Case History: Skin & Soft Tissue
From: Bisno AL, Stevens DL.
N Engl J Med 1996;334:240-6.
Erysipelas



Cause
- Common: Streptococcus pyogenes (Group A)
- Less common: Groups G, C, and B streptococci, S. aureus
Risk factors
- Local trauma, abrasions, impaired lymphatic drainage
Clinical Manifestations
- Superficial (raised) cellulitis with sharply demarcated border
- Involvement of lower extremities more common than face
- Blood cultures positive in only 5%
From: Chartier C et al. Int J Dermatol 1990;29:459-67.
Bisno AL, Stevens DL. N Engl J Med 1996;334:240-6.
Hand Cellulitis
Case History

A 62-year-old man is admitted to the hospital with cellulitis. Four
hours after admission he develops severe hypotension,
increased creatinine, and a rapidly advancing cellulitis.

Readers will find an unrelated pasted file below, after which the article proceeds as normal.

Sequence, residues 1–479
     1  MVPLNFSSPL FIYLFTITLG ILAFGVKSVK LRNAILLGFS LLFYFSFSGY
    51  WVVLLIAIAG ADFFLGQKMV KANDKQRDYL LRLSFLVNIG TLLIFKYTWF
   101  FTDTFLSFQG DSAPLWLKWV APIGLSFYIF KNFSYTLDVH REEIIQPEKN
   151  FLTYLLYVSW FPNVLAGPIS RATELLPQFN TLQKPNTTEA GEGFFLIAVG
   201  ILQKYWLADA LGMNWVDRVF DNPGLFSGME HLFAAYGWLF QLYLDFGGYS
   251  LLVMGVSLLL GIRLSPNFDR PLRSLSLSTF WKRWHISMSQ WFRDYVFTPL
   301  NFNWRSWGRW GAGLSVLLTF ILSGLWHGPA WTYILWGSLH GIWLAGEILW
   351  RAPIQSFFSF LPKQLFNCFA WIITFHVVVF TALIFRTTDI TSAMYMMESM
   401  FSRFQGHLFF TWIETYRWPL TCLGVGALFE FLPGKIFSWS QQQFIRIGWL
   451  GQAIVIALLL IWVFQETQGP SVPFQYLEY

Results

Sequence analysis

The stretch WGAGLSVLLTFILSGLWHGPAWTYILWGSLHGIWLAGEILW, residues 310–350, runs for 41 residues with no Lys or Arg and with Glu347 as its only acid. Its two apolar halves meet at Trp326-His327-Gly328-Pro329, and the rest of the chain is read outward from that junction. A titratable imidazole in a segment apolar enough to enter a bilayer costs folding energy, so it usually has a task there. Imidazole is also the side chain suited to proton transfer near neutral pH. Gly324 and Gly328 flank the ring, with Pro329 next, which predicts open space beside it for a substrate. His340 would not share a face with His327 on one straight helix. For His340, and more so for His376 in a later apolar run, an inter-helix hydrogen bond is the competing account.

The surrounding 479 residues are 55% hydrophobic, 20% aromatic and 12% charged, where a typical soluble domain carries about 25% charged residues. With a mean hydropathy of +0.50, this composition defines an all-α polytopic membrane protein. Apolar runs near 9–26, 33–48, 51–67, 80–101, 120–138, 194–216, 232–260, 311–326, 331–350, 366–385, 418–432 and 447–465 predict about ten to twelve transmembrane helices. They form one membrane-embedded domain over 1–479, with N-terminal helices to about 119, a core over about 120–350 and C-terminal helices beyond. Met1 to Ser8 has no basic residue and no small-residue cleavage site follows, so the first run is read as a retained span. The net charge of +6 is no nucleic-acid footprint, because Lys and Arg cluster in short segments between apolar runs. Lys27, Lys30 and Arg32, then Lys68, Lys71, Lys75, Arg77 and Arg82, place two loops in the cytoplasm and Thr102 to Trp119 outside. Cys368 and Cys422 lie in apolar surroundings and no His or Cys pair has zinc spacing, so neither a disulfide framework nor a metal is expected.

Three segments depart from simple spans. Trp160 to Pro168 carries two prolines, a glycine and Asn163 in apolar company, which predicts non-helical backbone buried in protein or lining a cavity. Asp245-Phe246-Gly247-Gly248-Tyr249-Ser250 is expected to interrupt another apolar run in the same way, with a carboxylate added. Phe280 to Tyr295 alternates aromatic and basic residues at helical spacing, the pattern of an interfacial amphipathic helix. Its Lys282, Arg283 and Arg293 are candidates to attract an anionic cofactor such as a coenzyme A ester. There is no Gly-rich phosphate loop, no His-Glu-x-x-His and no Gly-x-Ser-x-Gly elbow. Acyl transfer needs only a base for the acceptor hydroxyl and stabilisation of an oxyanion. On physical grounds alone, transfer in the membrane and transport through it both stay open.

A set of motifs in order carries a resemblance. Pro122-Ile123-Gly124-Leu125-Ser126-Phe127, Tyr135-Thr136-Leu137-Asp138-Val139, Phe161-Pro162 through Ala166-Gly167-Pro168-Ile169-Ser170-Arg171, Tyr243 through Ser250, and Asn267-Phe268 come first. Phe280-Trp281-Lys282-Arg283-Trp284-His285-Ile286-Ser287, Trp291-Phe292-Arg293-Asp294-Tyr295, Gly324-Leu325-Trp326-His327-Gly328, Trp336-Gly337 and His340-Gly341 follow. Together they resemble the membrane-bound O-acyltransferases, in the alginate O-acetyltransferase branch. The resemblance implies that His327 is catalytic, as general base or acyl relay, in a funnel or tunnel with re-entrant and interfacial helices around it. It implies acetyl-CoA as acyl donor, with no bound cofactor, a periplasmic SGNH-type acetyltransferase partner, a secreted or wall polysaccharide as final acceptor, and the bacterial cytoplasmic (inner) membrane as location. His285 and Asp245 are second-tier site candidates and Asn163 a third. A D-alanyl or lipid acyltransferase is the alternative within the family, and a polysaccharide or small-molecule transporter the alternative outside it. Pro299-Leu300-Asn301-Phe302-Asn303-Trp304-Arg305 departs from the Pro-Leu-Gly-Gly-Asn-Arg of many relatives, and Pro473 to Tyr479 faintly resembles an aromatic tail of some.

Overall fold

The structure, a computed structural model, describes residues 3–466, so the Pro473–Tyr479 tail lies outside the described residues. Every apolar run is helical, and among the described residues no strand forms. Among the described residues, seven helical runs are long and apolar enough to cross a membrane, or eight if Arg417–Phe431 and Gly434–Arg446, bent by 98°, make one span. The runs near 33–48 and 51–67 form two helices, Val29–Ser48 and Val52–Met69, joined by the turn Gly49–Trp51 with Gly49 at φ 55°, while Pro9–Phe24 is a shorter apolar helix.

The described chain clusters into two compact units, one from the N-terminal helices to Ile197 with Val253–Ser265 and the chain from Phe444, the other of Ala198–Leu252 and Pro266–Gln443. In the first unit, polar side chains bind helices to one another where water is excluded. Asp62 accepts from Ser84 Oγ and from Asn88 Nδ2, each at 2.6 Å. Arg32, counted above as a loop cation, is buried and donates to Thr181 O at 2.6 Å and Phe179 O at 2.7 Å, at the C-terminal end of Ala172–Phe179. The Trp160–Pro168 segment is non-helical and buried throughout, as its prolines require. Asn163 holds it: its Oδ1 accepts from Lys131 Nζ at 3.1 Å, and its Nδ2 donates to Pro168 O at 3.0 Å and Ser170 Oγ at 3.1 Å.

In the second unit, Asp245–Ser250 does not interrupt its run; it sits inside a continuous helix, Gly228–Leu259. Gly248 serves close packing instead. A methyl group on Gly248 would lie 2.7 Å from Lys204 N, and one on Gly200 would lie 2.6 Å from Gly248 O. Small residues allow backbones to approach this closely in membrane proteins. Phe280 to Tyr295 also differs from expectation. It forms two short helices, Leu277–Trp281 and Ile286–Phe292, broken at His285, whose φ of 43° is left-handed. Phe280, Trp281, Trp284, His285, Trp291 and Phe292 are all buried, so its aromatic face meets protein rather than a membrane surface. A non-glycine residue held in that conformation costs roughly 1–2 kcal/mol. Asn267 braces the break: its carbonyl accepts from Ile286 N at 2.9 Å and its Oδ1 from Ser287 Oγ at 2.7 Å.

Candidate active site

Case History

A 56-year-old man with diabetes undergoes bone marrow
transplantation and has neutropenia. He develops a painful skin
lesion on his right 5th toe.
Necrotizing Skin & Soft Tissue Infections
Diagnostic Clues
 Bullous lesions
 Dark discoloration (blue/purple/grey)
 Subcutaneous gas
 Painful area that becomes anesthetic
 Systemic toxicity
 Rapidly advancing lesion
IDSA 2014 SSTI Guidelines
Treatment of Necrotizing Fasciitis


Empiric Therapy
Vancomycin or Linezolid
+
Piperacillin-tazobactam or Carbapenem
or
Ceftriaxone + Metronidazole
Confirmed Group A Streptococcus
- Clindamycin + Penicillin
Source: Stevens DL, et al. Clin Infect Dis. 2014;59:e10-52.
Case History: Skin & Soft Tissue
•
A 38-year-old man presents with fever and an abscess on his
right arm. The lesion is very firm and is surrounded by
erythema.
•
What would you recommend
- Do you need to I & D?
- Should you obtain cultures?
- Do you need antibiotics?
MRSA Soft Tissue Infection
MRSA Soft Tissue Infection
Structure of Gram-Positive Bacteria
Penicillin Binding Proteins
DNA
Cell Membrane
Cell Wall
Beta-Lactams: Mechanism of Action
Penicillin Binding Proteins
Beta-Lactam
Transpeptidation
Carboxypeptidation
DNA
Cell Membrane
Cell Wall
Methicillin-Susceptible Staphylococcus aureus